I start with the quote by Paul Krugman, in the age of diminishing expectations: “Productivity isn’t everything, but in the long run it is almost everything. A country’s ability to improve its standard of living over time depends almost entirely on its ability to raise its output per worker”. Reflecting on the responsibility we have as a large organisation in Kenya to improve the productivity of the country, we realised that we need to support the vibrant and all-important SME (Small and Medium Enterprise) sector.
Small and medium enterprises in Africa have been widely acknowledged as the engine of economic growth. They are at the heart of developing countries’ entrepreneurship, the source of most new employment and productive investment, and the basis for growth and poverty reduction.
Kenya is the economic and transport hub of East Africa and our real GDP growth has averaged over 5% for the last seven years. Since 2014 Kenya has been ranked as a lower middle income country because it’s per capita GDP crossed a World Bank threshold. While Kenya has a growing entrepreneurial middle class and faster growth, our economic and development trajectory is threatened by weak governance and corruption that has failed to solve the 40% unemployment problem. Furthermore, inadequate infrastructure continues to hamper Kenya’s efforts to improve its economic growth to the 8-10% range so that it can meaningfully address poverty and unemployment.
There is good news though. Kenya improved by 21 places (at position 92 out of 190 countries) in the latest Ease of Doing Business ranking as measured by the World Bank. This may just be testimony to the numerous business reforms underway, and the following five reforms specifically helped with this achievement: Protecting minority investors; Obtaining access to electricity; Registering property; Resolving insolvency; and lastly, Ease of starting a business. Kenya is well on its’ way to achieving its goal of being number 50 by 2020.
The construction of the new standard gauge railway connecting Mombasa and Nairobi is expected to be completed in 2017 and will open opportunities for trade to develop significantly. While we had chronic budget deficits, including a shortage of funds in mid-2015, that hampered the government’s ability to implement proposed development programmes, the economy is back in balance with many indicators, including foreign exchange reserves, interest rates, inflation, and FDI moving in the right direction.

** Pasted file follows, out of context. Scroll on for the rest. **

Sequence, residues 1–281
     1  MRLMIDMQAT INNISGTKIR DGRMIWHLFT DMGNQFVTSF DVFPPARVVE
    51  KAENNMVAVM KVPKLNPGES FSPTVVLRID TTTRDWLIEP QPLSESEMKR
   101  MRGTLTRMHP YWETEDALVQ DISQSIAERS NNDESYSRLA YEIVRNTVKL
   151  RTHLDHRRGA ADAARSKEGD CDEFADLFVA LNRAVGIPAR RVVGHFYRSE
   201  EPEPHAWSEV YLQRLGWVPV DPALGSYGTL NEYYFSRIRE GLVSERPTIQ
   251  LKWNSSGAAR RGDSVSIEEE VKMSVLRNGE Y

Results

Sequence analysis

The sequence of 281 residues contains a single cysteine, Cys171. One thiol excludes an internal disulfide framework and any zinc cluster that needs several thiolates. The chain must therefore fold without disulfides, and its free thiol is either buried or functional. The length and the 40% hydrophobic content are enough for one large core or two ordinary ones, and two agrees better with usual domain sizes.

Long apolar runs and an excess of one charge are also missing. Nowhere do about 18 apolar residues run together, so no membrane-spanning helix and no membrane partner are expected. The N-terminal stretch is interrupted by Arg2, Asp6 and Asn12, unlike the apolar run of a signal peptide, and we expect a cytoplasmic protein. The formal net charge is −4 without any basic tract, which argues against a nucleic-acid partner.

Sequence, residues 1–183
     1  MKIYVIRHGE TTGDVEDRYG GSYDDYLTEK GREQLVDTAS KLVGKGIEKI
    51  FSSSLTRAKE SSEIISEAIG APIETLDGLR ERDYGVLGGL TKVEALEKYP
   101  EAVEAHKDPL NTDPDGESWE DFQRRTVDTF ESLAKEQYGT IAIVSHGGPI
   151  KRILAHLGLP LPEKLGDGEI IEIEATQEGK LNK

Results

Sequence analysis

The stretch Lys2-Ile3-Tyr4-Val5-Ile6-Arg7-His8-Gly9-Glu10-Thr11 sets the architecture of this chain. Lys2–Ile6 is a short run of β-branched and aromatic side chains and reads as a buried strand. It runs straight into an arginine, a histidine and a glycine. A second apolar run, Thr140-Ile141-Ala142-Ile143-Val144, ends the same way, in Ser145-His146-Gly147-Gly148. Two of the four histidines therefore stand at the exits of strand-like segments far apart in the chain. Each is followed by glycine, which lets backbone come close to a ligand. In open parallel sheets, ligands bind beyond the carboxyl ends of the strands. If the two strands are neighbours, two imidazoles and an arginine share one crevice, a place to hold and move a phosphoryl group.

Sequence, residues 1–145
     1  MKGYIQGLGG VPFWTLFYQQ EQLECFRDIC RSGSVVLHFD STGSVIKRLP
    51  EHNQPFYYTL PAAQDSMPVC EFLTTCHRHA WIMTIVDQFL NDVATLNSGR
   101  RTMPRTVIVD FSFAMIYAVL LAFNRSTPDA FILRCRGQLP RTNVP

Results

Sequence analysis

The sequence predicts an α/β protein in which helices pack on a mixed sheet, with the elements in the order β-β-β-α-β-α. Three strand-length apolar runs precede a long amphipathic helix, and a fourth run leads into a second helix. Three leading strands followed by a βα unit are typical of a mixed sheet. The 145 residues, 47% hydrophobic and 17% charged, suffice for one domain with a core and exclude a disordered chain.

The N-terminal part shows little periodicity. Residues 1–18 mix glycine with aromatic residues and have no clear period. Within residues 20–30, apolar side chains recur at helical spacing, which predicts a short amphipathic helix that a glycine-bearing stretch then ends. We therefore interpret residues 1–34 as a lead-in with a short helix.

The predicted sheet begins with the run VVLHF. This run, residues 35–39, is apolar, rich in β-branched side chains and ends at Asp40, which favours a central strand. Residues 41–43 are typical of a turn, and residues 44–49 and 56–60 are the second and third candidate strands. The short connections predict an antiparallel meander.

Tourism holds a significant place in Kenya’s economy. A number of incidents in Kenya recently had a negative effect on international tourism earnings, but the sector is starting to recover. Kenya’s success in hosting a series of incident-free and high-profile events in the second half of 2015, including the visit of US President Obama, has helped improve the outlook for tourism. Surely there must be opportunities for entrepreneurs to exploit this sector, especially with the advent of mobile technologies that are connecting us with the rest of the world.
Besides tourism opportunities, SMEs represent diverse sectors in the economy, covering both the formal and informal sectors. Key sectors include agriculture, manufacturing, construction, mining, energy, water, trade, hospitality, transport, real estate, education, health and professional services.
Further to this, the Kenya National Bureau of Statistics reveals that SMEs in Kenya employ 7.5 million people and accounts for 80% of all employment and for over 92% of the new jobs created annually. SMEs therefore play a significant role in the Kenyan economy, and in many ways SME growth is seen as the way to get the economy back on track.
And no better way to get SMEs to grow than to get them to be highly productive with robust tech savviness to accelerate growth. In a recent study conducted by the Boston Consulting Group, it was found that tech-savvy SMEs grow their revenues 15% faster than those not embracing technology. It was also discovered that they grew jobs 2x faster than SMEs who are not modernized.
The modernization of SMEs should not be approached as a gradual process, but rather as a structured approach combining efforts from various stakeholders in the SME ecosystem. It is imperative that the ecosystem of all the role players supporting SMEs in Kenya collaborates to find solutions to holistically modernize SMEs, including partnerships between the private and public sector stakeholders.
Kenyan financial institutions, software providers, telcos, government and SME enablers should all jointly take hands to assist with the modernization of SMEs in Kenya. Think affordable, bundled offers. Think driving complimentary objectives. Think simple and easy-to-use software. Think modernized SMEs. Think economic growth.
Now think a reduction in unemployment and a much-improved standard of living for our communities, our children, and the children in their future.